Authors

Debbie Heywood

Senior professional support lawyer

Read More

Vinod Bange

Partner

Read More

Martin Cotterill

Partner

Read More

Angus Finnegan

Consulting partner

Read More

Graham Hann

Partner

Read More

Christopher Jeffery

Partner

Read More

Glyn Morgan

Partner

Read More

Siân Skelton

Partner

Read More
Authors

Debbie Heywood

Senior professional support lawyer

Read More

Vinod Bange

Partner

Read More

Martin Cotterill

Partner

Read More

Angus Finnegan

Consulting partner

Read More

Graham Hann

Partner

Read More

Christopher Jeffery

Partner

Read More

Glyn Morgan

Partner

Read More

Siân Skelton

Partner

Read More

17 February 2020

– 5 of 5 Insights

Gambling Commission ban on gambling with credit cards

eGaming and gambling addiction under the spotlight.

What's the issue?

eGaming and gambling more widely, continue to be under the regulatory spotlight and gambling addiction as well as the targeting of vulnerable individuals are seen as online harms which need to be tackled.

According to research carried out by the Gambling Commission, 22% of online gamblers using credit cards to gamble are classed as problem gamblers with more at some risk of harm. While the Gambling Commission recognises that some consumers use credit cards for eGaming out of convenience, it also says it is too easy to accumulate debt which grows due to fees and then leads to consumers chasing losses to an even greater extent.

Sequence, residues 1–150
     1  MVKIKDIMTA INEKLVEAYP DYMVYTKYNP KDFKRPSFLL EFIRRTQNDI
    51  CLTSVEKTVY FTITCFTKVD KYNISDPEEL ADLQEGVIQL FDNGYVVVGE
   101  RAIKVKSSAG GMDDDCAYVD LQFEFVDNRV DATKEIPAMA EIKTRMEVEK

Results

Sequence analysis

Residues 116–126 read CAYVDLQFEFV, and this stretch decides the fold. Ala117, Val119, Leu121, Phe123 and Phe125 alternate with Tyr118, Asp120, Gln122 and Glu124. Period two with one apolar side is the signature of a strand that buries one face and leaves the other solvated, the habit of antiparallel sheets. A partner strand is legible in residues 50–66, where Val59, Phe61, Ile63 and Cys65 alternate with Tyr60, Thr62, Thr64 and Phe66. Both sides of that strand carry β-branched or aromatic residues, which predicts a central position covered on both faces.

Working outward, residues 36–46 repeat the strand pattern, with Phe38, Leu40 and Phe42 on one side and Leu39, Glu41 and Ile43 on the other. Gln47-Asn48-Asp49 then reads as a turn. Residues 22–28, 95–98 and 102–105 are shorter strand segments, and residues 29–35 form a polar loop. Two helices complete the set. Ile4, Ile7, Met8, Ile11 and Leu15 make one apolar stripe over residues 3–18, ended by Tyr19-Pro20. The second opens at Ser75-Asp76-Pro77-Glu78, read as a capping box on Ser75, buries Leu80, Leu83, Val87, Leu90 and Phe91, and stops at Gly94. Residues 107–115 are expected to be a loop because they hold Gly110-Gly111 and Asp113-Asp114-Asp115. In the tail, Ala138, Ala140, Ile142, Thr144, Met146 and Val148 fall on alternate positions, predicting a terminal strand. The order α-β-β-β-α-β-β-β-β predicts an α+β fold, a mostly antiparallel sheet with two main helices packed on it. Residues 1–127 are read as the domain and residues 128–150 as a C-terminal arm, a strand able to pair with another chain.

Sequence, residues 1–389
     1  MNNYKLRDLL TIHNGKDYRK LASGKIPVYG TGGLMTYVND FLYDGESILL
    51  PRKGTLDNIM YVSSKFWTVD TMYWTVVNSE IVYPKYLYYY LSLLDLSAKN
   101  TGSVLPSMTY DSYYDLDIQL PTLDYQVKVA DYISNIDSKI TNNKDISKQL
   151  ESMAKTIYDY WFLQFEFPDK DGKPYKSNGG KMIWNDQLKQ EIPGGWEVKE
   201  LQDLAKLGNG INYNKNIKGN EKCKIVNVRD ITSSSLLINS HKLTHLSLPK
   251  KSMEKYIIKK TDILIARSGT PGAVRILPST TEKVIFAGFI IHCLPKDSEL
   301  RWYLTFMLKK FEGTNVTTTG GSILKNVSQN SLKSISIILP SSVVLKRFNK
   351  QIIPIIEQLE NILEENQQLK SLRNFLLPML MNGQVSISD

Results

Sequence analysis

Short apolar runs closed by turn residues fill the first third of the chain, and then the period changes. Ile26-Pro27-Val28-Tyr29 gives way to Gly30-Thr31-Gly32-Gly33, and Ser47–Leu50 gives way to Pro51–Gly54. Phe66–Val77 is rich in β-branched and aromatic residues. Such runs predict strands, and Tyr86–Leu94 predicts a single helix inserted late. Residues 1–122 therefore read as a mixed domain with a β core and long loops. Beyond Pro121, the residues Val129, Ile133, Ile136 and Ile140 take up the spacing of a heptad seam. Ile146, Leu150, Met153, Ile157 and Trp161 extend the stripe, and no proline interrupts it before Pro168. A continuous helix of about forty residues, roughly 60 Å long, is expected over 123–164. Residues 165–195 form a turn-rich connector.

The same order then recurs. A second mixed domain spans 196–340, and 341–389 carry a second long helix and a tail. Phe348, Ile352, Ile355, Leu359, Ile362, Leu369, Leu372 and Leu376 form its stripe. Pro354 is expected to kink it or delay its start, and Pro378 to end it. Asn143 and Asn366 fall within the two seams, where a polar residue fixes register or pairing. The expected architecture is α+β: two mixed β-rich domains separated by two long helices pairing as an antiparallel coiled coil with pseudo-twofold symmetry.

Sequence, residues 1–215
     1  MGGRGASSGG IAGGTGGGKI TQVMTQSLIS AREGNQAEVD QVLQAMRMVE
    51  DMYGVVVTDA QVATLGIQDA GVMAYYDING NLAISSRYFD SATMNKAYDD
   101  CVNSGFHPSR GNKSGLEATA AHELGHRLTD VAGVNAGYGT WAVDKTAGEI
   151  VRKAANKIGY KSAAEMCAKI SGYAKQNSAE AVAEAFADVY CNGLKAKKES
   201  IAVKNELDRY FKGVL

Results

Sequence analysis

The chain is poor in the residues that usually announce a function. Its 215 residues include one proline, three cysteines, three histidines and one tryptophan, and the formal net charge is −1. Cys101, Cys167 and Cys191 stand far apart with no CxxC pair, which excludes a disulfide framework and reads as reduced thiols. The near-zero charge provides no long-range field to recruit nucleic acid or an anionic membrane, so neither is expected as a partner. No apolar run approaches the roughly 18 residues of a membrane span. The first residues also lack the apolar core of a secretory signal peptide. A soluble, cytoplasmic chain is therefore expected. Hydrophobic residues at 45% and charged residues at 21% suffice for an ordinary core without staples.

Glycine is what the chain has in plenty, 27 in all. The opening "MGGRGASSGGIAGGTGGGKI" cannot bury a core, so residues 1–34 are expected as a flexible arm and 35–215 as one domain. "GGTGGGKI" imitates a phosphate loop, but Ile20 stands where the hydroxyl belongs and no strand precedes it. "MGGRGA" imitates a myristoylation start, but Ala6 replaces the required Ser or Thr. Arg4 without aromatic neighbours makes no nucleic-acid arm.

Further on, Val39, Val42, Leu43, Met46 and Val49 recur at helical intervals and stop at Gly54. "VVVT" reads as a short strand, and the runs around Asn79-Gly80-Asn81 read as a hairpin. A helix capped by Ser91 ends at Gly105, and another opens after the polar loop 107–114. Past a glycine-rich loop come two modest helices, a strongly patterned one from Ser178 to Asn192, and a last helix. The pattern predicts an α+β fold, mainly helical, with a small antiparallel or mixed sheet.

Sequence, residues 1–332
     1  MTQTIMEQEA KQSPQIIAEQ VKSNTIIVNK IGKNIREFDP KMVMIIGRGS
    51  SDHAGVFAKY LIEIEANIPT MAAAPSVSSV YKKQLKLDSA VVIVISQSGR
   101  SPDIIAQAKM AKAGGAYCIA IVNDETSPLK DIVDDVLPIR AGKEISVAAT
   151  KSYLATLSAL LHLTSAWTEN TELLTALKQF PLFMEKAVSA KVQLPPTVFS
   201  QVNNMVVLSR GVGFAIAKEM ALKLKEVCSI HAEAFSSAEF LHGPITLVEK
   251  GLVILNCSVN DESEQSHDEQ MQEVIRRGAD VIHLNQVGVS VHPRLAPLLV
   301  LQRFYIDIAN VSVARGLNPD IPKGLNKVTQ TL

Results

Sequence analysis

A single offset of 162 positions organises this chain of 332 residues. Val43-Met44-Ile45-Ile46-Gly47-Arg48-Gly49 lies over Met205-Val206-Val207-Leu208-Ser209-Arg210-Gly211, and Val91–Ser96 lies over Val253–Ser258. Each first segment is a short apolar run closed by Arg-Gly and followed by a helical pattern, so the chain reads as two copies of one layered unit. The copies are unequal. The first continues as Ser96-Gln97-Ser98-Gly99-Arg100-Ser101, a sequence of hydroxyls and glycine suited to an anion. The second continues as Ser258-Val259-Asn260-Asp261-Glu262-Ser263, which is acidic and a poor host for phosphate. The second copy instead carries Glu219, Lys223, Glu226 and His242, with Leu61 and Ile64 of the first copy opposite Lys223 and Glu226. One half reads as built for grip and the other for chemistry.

What's the development?

The Gambling Commission has announced it will ban gambling businesses from allowing consumers in Great Britain to gamble using credit cards. The ban will apply to all online and offline gambling apart from non-remote lotteries from 14 April 2020. Online gambling operators must also participate in the multi-operator self-exclusion scheme GAMSTOP which allows consumers to self-exclude across operators with a single request.

The Gambling Commission is also reminding operators to check their games meet the required transparency and safety standards after six operators were told to remove products offering 'feature buy-in' on slot-style games. This allowed users to stake significant amounts of money to play the bonus features without going through the initial stages of the game.

The head of mental health services in England has written to five major gambling companies urging them to take action to tackle gambling addiction and criticising a number of practices including offering incentives to encourage gamblers to spend more money such as VIP treatment and free bets.

What does this mean for you?

eGaming businesses will not only need to comply with the credit card ban and sign up to GAMSTOP, they also need to check their games meet the required transparency and safety standards.

In this series

Technology, media & communications

Government proposes Ofcom as online harms regulator

by Multiple authors

Technology, media & communications

ICO says future of 'Real Time Bidding' in Adtech "is in the balance"

by Multiple authors

Technology, media & communications

ICO publishes Age Appropriate Design Code of Practice

by Multiple authors

Technology, media & communications

ICO draft Code of Practice on Direct Marketing

Long-awaited direct marketing Code of Practice published for consultation.

by Multiple authors

Gaming

Gambling Commission ban on gambling with credit cards

eGaming and gambling addiction under the spotlight.

by Multiple authors

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